Thursday, January 3, 2008


by Philip J Cunningham

I was browsing for DVDs on a cold winter afternoon in one of Beijing's finer bootleg shops when I came upon three boxed sets of DVDs critical of communism.

I was curious to see if the pirated documentaries, the sort of product which Western defenders of intellectual copyright decry to be produced and distributed with a wink and nod from the Beijing authorities, were in fact subversive of the same authorities.

Presumably the DVD pirates are in it for the money, but are they also unwittingly making China a freer place?

The commercial resourcefulness of the pirates makes it technically possible for startling and truthful images to be sold more or less in the open in a less-than-open-society. In that sense, lax enforcement of intellectual copyright may inadvertently engender a kind of information freedom and even allow for the infiltration of revolutionary ideas. If so, then the copyright zealots, mostly big US companies, with profit first and foremost on the mind, come down firmly on the side of information control, law and order.

Subversive access of the sort I had just tapped into would dry up if US anti-piracy efforts were ultimately successful in quelling the sale of such illegal disks.

One of the pirated sets, produced by Turkish presenter Harun Yahya, promised to detail the horrors of communism from an Islamic perspective, another by an American producer chronicled the uncomfortably bloody rise of modern China and the third was a compilation of "best hits" from BBC TV News.

"The Bloody History of Communism" DVD set, presented by Harun Yahya, as described on its website, shows "the cruelty Communist China inflicted on the Muslim Turks of Eastern Turkistan". This is clearly an awkward if not absolutely taboo topic for China today, given Beijing's uneasy embrace of its own ideology at a time when there is an upswing in religious activity in sensitive border areas.

"Fifty Years of BBC Television News" a bilingual twin disk package, is titled "BBC fengyun wushinian" in Chinese. Who translated it? Was BBC, its news website perennially blocked by Beijing authorities, trying to penetrate the China market by stealth with a cross between yesterday's news and yesterday's technology? Given the obvious misspellings on the jacket, BBC probably just got indiscriminately pirated, but either way it works for them if more Chinese consumers come to view their product.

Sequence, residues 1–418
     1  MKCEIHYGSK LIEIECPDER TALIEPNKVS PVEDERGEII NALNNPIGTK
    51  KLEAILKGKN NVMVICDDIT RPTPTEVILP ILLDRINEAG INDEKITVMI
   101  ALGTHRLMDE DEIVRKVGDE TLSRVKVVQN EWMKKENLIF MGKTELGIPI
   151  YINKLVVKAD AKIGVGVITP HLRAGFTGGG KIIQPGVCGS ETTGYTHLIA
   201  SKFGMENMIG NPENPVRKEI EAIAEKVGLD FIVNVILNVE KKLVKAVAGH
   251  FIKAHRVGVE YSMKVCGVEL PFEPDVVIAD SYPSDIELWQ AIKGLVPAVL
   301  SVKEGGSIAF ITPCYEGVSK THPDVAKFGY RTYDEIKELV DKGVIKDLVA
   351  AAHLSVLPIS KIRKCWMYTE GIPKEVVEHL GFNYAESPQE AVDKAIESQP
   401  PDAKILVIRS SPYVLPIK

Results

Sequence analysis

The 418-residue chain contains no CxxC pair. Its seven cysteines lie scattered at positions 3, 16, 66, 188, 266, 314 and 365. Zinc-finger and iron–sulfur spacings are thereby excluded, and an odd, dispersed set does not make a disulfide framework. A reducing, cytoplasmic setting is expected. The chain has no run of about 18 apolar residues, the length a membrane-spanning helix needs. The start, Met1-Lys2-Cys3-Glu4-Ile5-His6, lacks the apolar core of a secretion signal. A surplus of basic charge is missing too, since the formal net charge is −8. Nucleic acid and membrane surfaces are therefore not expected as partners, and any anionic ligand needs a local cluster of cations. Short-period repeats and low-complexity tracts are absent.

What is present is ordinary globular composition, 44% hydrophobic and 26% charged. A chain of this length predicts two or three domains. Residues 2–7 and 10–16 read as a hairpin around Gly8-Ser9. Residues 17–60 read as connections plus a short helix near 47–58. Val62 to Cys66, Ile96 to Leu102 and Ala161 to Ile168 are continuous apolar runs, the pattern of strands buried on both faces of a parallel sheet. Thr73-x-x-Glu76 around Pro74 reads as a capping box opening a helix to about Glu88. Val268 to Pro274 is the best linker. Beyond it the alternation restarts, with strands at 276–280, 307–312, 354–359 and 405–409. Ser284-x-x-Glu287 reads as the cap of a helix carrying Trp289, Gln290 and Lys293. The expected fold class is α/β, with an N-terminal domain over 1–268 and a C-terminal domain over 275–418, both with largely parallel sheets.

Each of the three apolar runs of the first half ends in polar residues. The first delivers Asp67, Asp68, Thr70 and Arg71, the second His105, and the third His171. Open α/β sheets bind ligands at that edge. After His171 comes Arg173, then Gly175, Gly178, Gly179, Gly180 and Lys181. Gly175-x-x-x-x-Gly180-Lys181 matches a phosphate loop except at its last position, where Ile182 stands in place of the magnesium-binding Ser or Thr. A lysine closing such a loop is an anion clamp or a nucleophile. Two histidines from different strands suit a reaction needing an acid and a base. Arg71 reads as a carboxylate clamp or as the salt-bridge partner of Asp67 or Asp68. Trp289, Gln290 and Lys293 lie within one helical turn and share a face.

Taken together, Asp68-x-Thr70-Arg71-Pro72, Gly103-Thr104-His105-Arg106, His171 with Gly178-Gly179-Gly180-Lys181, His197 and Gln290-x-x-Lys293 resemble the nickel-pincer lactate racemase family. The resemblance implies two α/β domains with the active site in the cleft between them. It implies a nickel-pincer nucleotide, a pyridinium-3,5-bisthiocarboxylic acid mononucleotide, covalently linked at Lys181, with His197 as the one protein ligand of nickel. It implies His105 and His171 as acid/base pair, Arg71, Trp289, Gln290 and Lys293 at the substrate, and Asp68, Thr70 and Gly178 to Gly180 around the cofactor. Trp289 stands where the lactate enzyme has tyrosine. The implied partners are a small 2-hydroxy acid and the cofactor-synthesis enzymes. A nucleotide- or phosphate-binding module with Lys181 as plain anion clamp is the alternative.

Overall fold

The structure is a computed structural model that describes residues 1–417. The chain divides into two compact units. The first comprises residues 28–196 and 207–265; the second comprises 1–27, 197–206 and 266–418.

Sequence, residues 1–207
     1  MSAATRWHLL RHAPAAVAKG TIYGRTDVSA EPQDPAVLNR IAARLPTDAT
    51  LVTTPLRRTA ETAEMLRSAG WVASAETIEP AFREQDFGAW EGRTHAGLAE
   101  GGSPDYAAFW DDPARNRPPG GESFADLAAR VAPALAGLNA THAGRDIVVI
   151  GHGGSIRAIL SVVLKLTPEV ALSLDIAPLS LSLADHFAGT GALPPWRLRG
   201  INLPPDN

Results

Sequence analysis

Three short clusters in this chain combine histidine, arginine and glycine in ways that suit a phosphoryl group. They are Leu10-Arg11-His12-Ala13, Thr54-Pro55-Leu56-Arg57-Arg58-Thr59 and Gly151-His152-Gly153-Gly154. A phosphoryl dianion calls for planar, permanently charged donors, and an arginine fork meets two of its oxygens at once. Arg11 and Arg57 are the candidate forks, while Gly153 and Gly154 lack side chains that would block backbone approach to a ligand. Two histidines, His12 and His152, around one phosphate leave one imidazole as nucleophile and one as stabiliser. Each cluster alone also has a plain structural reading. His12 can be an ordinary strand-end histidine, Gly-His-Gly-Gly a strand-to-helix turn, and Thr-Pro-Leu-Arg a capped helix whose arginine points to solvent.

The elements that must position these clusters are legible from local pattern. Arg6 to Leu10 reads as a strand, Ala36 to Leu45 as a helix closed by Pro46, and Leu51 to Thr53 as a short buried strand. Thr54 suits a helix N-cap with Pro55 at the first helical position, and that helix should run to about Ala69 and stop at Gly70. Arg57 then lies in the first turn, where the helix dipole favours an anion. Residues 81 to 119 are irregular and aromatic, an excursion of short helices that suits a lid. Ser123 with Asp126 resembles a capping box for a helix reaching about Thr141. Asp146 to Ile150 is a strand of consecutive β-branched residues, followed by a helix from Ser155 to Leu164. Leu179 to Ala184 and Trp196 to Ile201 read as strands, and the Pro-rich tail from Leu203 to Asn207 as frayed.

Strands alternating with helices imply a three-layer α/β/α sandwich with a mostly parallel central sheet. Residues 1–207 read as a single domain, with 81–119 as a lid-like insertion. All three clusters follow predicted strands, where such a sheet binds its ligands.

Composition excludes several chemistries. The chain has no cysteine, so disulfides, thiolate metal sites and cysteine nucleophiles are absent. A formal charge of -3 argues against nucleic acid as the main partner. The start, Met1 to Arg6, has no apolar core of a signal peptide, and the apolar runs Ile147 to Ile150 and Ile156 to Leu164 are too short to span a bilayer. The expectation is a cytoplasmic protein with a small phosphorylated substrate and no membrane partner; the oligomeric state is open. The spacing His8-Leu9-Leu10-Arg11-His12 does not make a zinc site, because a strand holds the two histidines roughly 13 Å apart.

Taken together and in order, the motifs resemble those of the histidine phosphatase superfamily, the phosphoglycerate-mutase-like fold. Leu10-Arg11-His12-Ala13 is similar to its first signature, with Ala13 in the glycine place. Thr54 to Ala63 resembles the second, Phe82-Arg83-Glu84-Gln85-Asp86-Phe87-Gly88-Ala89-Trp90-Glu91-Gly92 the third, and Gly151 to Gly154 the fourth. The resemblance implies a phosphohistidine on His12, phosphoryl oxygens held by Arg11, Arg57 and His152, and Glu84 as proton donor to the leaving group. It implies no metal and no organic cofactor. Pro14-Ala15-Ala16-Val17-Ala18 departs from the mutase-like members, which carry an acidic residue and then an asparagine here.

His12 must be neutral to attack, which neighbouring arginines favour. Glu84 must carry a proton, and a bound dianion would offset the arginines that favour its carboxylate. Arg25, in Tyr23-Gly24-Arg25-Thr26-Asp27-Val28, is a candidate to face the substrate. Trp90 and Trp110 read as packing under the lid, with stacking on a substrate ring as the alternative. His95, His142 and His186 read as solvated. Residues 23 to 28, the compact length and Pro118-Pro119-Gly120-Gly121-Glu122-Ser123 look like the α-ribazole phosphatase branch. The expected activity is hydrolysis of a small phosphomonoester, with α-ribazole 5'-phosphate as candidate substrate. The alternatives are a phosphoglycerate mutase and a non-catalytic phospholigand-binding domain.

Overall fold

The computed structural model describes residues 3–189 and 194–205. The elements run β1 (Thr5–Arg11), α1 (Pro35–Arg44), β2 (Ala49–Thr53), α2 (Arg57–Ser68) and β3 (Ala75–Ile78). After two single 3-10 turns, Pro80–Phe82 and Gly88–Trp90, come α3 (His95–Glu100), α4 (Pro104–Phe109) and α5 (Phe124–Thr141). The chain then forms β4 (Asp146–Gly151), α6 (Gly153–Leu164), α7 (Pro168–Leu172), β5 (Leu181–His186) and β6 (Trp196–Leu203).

Finally I picked up a copy of "China: A Century of Revolution" produced by Sue Williams for WGBH in Boston and then went home to curl up on the sofa and view the material.

The Harun Yahya DVD package turned out to be rather thin gruel despite the premise and promise of "truth revealed". The three-disk series about three godless despots, namely Lenin, Stalin and Mao as featured on the cover, seemed dangerously unorthodox for China until I discovered the case only contained two disks. Mao was missing.

In what has to be considered a shrewd decision somewhere in the supply chain, the series about three godless despots came up one despot short. Harun Yahya (pseudonym for Turkish creationist Adnan Oktar), may yet find fans in China's vast and diverse population, but whoever is distributing his material in China has judged that bashing Mao is not the best point of entry into a market where the legendary old Chairman still has legions of defenders and believers.